HM: You have certainly invested a lot of time and commitment into supporting efforts to protect academic freedom. As one of the most well-known scholars in the country, and as a dedicated teacher, I would like to hear your thoughts on why you think academic freedom is so important for a robust education. 

SP: It comes down to the fact that no one is infallible. No one is omniscient. It is part of human nature to moralize our own opinions, and in particular the opinions of our coalition, our clan, our tribe, to assume that we are wise, correct, and noble, and the people who disagree with us are stupid, ignorant or evil. Now, of course, if both sides think that, as they inevitably will, then they cannot all be right. Nonetheless, we know as a species that we can approach the truth despite these cognitive and moral limitations, because we know that science has advanced. We have discovered how to make vaccines, how to make smartphones, how to explore the planet. So, something has gone right. Well, what has gone right is the process whereby people express opinions and other people can evaluate them.  They test them empirically; they find flaws in arguments. If you disable that process by making the expression of opinions illegal, then you have crippled the process by which we can understand our world and therefore have put a brake on the possibility of human progress. Academic freedom, in other words, it is not just an individual entitlement. It is not just that professors have the right to say whatever they want, but rather that the whole reason that we have universities and scientific societies, and for that matter a free press, is that when a range of opinions can be expressed, the better that they can be evaluated.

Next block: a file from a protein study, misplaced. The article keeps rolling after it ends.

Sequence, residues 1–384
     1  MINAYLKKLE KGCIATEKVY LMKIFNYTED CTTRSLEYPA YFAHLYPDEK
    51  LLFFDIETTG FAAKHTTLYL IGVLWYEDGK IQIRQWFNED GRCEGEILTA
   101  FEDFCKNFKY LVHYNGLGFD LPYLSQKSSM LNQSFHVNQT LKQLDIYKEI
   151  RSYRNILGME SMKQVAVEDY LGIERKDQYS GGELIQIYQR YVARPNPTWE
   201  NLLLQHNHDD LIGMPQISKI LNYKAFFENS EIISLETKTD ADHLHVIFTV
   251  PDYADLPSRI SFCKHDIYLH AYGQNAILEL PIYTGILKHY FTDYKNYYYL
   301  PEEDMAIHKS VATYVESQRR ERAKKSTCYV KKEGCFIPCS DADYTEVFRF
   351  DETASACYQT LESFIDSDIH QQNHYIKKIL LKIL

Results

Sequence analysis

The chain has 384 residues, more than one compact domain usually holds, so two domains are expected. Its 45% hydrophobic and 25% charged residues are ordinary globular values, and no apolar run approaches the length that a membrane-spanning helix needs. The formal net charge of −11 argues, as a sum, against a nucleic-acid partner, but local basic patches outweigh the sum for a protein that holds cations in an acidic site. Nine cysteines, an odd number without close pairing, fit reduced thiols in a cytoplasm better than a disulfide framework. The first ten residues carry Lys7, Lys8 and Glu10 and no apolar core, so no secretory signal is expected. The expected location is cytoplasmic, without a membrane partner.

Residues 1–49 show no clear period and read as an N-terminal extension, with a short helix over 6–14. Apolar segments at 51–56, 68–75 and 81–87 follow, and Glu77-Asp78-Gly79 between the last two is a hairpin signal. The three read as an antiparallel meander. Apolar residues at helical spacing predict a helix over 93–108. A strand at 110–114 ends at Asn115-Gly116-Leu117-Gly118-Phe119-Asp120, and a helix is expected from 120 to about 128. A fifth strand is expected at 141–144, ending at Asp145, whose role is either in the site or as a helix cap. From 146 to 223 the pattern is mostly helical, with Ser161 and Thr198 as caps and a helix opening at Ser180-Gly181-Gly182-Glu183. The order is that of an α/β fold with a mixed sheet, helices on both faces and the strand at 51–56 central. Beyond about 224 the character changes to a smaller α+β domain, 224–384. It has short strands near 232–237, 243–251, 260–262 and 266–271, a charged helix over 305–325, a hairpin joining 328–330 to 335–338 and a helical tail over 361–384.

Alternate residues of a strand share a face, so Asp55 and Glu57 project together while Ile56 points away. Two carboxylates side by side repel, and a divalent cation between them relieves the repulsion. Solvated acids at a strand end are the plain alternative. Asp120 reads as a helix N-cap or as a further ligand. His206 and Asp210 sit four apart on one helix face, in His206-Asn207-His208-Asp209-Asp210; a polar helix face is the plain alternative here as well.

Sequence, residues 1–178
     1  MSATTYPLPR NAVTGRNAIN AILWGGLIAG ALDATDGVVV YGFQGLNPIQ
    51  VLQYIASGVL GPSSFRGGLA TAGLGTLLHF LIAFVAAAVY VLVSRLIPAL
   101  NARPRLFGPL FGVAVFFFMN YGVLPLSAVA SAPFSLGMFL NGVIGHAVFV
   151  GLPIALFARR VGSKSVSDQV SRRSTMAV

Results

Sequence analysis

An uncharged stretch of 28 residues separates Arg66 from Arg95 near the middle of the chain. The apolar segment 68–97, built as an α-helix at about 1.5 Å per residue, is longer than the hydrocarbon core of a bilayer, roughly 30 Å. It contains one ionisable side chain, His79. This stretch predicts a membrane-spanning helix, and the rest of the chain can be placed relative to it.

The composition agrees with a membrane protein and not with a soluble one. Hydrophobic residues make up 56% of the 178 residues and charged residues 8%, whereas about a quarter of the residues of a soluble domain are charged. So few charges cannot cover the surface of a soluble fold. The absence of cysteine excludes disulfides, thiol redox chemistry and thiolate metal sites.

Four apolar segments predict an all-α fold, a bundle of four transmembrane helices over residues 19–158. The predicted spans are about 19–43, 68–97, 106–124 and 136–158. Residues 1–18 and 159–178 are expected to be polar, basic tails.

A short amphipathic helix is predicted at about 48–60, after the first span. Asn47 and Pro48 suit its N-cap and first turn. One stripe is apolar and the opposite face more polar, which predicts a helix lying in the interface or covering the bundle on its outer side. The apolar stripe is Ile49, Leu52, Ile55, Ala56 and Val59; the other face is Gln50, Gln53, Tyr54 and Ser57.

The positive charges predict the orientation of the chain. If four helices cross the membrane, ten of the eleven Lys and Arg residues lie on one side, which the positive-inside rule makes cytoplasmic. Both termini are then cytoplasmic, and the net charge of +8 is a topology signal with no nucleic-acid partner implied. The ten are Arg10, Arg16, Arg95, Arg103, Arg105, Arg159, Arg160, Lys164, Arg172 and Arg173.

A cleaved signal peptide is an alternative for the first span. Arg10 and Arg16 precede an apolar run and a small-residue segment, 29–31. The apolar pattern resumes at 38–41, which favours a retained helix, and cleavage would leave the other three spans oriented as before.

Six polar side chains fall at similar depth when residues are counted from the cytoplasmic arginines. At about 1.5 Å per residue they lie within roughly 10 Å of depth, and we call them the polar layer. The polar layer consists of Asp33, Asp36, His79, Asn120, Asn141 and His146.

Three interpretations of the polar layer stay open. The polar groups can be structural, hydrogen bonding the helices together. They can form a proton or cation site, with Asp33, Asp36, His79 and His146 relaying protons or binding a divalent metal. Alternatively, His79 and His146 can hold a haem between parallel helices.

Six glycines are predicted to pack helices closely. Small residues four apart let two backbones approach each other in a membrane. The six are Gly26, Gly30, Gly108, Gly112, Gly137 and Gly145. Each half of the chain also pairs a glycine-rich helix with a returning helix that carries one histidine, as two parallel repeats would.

HM: Anything else that you would like to say about academic freedom, or anything else, that I did not ask, but that you think would be important for our readers? 

SP: I think that it is important that the AFA and other organizations not just end up as support groups, although that in itself is a valuable function because it can be horrendous to be the target of a smear campaign, which often happens when someone expresses an unpopular opinion. But these organizations must be clever in figuring out the levers of influence. In the case of public universities, the First Amendment is a legal bulwark against punishing free expression. In the case of private universities, there are often stated commitments in faculty handbooks, in public releases, and in statements of principles that activists for free speech can use to hold universities’ feet to the fire. They need to say, you are already committed to this and if you violate your own commitment to free speech by punishing a student or a professor, you are engaged in false advertising and we are going to sue you, or at least try to make life very uncomfortable. Organizations must figure out how to translate the sentiment for academic freedom into effective action.